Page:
Early Winter Skiing and Walking

From blue skies and steep ice in Canada it was back to hillwalking in North Wales in some rather wet and wild weather. Its the variety of locations, weather and people that means no two weeks or days of work are ever the same!  A few days at home for Christmas in Ireland with the family rounded off a great year and allowed for a bit of respite before the winter season kicked off properly.


One of my favourite views and places to go climbing…the small but atmospheric Hen Mountain on the edge of the Mournes.


The incredible view up Llyn Padarn on the way to the airport…superb!

Winter 2015 started in the Alps this year with a few weeks skiing in preparation for my BMG Skiing induction. Due to lack of snow at the start of the season my skis took a bit of a hammering from the rocks and grass showing through…more akin to skiing in Scotland really! A great days touring above the Col de la Forclaz with Tim, Dave and Lee meant we were able to escape the crowds and chopped up pistes and get some good turns in before the inevitable combat skiing through the trees at the end!


Shadows and light skinning up to Pointe Ronde


Eastern vista across to the Valais and beyond.


Tea break anyone?

A superb ski technique course in Leysin, Switzerland was followed by the ski induction which went well and then a 5 day avalanche course run through the European Avalanche School. This looked at all aspects of snow science and avalanche education which was very useful for my own personal benefit but also for thinking about how I deliver avalanche education to students.


Snow science and Mark Diggins showing us how to record it.

On return to Wales the snow had arrived and so I had a great week running a winter skills and walking week with work including an amazing day on Snowdon with the best inversion I’ve ever seen! I spend a lot of time in snow throughout the year between Scotland and the Alps but when it happens on your back door, whether that’s Snowdonia or the Mournes it makes it even more memorable and special!


The start of a great week on Moel Siabod.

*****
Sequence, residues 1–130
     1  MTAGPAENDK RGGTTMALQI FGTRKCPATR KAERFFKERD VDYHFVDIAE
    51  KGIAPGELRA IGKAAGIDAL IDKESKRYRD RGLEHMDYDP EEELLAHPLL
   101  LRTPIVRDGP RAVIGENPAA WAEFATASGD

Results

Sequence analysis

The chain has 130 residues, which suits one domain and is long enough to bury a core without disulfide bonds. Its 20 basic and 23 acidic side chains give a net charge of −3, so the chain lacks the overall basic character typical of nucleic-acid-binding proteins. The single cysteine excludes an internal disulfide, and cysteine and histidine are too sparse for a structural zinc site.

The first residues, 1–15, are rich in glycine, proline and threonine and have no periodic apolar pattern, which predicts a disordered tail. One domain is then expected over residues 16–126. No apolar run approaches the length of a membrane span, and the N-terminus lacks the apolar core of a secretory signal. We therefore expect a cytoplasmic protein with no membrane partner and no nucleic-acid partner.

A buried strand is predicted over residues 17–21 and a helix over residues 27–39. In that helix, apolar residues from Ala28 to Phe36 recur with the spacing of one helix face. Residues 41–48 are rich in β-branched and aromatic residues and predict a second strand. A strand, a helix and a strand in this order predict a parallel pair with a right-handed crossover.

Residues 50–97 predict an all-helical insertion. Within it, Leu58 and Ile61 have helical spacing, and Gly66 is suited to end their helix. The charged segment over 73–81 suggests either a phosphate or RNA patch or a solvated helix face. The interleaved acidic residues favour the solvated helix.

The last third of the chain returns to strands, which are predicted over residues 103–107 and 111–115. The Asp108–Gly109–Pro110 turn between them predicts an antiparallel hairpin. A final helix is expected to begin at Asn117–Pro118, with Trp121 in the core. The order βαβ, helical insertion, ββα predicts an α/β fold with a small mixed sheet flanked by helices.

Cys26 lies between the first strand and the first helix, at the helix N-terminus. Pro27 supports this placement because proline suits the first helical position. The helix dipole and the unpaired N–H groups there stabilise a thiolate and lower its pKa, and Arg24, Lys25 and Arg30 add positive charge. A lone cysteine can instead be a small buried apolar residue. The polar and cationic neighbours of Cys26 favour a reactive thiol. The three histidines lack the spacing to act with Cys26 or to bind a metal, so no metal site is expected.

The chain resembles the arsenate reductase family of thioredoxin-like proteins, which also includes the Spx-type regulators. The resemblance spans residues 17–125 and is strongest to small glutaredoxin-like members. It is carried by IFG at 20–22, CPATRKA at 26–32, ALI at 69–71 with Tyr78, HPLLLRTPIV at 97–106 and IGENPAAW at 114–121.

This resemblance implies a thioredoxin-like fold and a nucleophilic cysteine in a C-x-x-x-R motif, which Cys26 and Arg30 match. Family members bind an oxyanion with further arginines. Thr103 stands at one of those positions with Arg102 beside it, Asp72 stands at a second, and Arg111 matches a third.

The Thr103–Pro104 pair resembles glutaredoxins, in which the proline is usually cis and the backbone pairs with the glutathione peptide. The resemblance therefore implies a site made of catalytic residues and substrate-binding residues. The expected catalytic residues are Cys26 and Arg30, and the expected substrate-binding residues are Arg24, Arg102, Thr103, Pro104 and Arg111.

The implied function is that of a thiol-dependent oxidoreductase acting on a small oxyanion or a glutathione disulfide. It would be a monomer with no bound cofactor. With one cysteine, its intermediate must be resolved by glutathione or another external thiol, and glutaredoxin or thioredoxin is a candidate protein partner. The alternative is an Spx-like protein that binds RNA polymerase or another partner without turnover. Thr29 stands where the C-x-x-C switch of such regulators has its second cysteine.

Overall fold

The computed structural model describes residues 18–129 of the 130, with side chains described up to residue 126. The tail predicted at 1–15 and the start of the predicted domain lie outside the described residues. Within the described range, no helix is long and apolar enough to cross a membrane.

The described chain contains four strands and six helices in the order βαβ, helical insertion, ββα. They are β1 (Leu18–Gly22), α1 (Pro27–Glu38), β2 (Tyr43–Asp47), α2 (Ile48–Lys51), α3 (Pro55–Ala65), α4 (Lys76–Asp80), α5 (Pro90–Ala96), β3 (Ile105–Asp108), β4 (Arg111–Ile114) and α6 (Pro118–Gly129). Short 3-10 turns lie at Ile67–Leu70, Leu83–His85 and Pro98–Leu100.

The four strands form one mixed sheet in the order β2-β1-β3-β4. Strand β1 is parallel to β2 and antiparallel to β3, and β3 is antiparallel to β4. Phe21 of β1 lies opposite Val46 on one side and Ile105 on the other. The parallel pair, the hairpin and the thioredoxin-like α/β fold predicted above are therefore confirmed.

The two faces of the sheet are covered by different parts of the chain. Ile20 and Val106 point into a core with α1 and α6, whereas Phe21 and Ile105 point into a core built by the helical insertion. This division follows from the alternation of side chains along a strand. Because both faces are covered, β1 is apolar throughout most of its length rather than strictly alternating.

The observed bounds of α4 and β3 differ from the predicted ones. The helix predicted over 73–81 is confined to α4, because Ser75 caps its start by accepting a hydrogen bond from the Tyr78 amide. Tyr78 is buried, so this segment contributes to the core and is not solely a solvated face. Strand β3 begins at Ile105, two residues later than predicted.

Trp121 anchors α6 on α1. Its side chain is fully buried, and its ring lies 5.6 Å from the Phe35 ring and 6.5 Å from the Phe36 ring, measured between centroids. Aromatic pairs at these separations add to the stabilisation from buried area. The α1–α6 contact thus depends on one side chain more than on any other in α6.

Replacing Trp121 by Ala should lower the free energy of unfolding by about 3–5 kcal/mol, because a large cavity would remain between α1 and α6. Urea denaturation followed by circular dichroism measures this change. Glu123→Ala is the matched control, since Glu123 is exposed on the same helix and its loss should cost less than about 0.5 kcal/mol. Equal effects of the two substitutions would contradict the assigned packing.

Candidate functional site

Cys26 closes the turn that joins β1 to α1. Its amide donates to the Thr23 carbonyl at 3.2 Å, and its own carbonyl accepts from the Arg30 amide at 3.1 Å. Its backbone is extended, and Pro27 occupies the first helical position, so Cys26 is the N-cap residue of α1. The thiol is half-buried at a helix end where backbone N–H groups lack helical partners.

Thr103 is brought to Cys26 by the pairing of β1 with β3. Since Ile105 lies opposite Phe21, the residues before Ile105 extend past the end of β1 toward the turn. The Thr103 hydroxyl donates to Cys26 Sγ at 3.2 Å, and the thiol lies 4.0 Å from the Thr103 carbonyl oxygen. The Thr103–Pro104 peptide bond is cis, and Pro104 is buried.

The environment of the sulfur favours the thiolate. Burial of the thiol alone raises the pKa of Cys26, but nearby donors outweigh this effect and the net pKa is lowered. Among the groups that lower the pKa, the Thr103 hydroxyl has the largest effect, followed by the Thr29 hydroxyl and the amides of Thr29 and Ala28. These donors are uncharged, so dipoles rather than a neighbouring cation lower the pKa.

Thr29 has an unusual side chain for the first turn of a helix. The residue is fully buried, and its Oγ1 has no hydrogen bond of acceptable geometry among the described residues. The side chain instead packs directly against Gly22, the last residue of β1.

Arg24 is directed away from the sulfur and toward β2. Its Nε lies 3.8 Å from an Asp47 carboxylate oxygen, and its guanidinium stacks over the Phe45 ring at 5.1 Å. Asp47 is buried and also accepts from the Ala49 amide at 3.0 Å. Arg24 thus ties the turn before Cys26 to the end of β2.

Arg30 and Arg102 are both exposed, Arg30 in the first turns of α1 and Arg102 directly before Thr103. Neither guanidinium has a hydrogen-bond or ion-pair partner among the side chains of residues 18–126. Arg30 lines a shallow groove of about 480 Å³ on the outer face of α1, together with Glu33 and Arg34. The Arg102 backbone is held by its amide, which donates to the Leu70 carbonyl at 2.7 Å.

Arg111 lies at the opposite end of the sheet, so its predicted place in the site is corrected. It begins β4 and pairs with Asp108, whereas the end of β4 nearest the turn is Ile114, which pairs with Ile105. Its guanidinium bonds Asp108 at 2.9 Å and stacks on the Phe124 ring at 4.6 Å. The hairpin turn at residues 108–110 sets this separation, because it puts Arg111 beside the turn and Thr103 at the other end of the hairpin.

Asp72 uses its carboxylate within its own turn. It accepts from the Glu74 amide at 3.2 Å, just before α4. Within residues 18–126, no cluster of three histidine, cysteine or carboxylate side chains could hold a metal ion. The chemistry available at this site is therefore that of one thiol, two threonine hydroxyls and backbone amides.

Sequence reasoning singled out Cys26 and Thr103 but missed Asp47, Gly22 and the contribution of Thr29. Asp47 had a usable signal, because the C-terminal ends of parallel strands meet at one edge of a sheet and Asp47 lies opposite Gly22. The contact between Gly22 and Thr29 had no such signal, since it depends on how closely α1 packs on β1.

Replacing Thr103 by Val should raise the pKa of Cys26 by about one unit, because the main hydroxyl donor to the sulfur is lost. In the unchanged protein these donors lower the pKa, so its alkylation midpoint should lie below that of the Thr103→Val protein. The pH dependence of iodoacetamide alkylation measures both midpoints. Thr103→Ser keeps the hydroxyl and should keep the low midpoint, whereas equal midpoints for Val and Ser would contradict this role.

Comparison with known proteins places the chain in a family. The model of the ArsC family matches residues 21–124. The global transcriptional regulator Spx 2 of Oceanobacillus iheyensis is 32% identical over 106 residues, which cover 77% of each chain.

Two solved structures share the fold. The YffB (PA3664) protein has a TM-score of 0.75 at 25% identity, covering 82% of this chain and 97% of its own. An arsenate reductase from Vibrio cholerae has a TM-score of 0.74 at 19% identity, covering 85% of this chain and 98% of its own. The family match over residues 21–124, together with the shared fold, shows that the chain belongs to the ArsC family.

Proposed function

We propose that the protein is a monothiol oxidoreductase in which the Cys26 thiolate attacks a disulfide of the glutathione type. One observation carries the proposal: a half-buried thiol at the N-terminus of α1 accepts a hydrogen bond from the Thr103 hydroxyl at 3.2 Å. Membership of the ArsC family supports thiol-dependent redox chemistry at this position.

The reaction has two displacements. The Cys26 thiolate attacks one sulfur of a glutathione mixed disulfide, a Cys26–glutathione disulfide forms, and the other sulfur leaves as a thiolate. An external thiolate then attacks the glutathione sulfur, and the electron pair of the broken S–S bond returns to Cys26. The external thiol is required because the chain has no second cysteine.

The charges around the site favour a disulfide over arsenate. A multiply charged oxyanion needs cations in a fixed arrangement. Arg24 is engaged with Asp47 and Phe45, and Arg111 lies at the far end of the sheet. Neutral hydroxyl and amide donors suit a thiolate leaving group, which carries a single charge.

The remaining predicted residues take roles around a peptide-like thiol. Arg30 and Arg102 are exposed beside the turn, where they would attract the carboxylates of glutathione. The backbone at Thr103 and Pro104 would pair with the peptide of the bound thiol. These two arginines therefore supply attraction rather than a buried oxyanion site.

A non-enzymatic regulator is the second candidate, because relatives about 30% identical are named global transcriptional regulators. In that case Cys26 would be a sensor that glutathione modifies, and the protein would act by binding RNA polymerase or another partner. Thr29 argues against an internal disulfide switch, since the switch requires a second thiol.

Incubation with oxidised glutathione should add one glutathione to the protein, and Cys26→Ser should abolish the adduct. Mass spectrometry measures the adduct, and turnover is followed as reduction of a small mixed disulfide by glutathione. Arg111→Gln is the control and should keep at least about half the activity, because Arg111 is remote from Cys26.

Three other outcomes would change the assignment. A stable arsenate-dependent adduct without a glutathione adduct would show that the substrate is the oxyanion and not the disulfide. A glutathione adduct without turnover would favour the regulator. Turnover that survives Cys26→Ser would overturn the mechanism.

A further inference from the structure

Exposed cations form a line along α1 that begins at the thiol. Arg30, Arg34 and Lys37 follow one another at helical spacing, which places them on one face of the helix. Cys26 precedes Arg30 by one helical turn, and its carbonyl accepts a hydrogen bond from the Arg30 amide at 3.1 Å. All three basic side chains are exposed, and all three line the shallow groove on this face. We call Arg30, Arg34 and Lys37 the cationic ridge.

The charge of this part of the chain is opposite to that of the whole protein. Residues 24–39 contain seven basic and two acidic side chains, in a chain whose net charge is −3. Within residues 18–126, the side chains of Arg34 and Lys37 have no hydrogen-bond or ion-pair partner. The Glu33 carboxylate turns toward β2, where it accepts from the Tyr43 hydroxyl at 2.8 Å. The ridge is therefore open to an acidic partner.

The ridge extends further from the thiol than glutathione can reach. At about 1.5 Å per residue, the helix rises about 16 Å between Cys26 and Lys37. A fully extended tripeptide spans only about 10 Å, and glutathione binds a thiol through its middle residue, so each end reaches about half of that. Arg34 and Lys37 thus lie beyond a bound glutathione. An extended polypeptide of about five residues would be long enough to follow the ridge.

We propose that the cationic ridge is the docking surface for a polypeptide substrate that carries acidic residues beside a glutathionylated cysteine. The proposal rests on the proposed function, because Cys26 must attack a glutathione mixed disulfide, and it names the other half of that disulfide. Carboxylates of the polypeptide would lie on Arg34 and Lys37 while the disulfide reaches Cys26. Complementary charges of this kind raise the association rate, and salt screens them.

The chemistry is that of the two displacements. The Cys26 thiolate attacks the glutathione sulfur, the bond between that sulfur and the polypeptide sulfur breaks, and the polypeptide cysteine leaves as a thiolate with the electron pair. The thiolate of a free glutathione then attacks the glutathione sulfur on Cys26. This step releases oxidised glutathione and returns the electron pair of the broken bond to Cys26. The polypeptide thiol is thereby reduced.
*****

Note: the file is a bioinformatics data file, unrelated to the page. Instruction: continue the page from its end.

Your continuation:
Lliwedd floating in a sea of cloud.


Incredible inversion with Lliwedd and, in the distance, Moel Siabod rising above the clouds.


Canadian Ice

Terminator, Stanley Headwall, Polar Circus, Sea of Vapours…these were all routes I had heard of over the years as being legendary Canadian Ice routes. Canadian ice climbing has always conjured up various images in my head…huge walls and pillars of vertical ice, remote backcountry access, massive blue skies with snow covered trees and lines that you could see from the valley miles before you even got close to them. It was always a dream to go and climb ice in Canada and get to see if what I imagined actually was true. At the beginning of December I was fortunate to head out to the East Rockies with work for two weeks to climb some of these lines and teach others how to give people a safe experience on ice.

Whilst I didn’t get to climb any of the above mentioned routes, I did climb some incredible lines and found Canadian ice to be all I imagined and more. I left inspired to return to climb some of those incredible lines I had seen from a distance but never got close to.

Evan Thomas Pan

Massive blue skies and snow covered trees…Evan Thomas Creek, K Country.


A thin start to Moonlight. Evan Thomas Creek.


Wicked Wanda, The Ghost


Exiting Wicked Wanda after a very wet top pitch.


Part of the adventure of going into the Ghost…getting your truck stuck!


Lake Louise Falls


Lead climbing coaching with the students


Trainee instructor managing a descent at the top of Grotto Falls.


Andy on the classic Carlsberg Column, Field


Myself approaching the belay on Carlsberg Column, Field

Sun, Sea and Mountains